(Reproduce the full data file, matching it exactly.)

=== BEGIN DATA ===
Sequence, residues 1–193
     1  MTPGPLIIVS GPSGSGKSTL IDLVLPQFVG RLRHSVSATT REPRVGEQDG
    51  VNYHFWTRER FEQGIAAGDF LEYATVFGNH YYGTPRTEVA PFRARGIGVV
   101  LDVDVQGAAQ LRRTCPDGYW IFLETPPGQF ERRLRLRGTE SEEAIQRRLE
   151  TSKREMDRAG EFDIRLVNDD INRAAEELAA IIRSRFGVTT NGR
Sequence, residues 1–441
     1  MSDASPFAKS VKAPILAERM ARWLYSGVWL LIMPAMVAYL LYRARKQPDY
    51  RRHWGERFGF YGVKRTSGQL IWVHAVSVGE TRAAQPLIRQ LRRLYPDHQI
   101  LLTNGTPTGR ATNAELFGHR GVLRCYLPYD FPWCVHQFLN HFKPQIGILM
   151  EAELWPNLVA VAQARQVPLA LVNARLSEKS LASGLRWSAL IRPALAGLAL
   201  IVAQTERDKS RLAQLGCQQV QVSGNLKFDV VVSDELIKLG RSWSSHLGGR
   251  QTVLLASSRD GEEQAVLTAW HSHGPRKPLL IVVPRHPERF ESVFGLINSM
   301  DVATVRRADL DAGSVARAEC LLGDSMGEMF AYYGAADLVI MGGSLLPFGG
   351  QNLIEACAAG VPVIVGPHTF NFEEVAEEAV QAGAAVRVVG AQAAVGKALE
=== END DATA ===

Sequence, residues 1–193
     1  MTPGPLIIVS GPSGSGKSTL IDLVLPQFVG RLRHSVSATT REPRVGEQDG
    51  VNYHFWTRER FEQGIAAGDF LEYATVFGNH YYGTPRTEVA PFRARGIGVV
   101  LDVDVQGAAQ LRRTCPDGYW IFLETPPGQF ERRLRLRGTE SEEAIQRRLE
   151  TSKREMDRAG EFDIRLVNDD INRAAEELAA IIRSRFGVTT NGR
Sequence, residues 1–441
     1  MSDASPFAKS VKAPILAERM ARWLYSGVWL LIMPAMVAYL LYRARKQPDY
    51  RRHWGERFGF YGVKRTSGQL IWVHAVSVGE TRAAQPLIRQ LRRLYPDHQI
   101  LLTNGTPTGR ATNAELFGHR GVLRCYLPYD FPWCVHQFLN HFKPQIGILM
   151  EAELWPNLVA VAQARQVPLA LVNARLSEKS LASGLRWSAL IRPALAGLAL
   201  IVAQTERDKS RLAQLGCQQV QVSGNLKFDV VVSDELIKLG RSWSSHLGGR
   251  QTVLLASSRD GEEQAVLTAW HSHGPRKPLL IVVPRHPERF ESVFGLINSM
   301  DVATVRRADL DAGSVARAEC LLGDSMGEMF AYYGAADLVI MGGSLLPFGG
   351  QNLIEACAAG VPVIVGPHTF NFEEVAEEAV QAGAAVRVVG AQAAVGKALE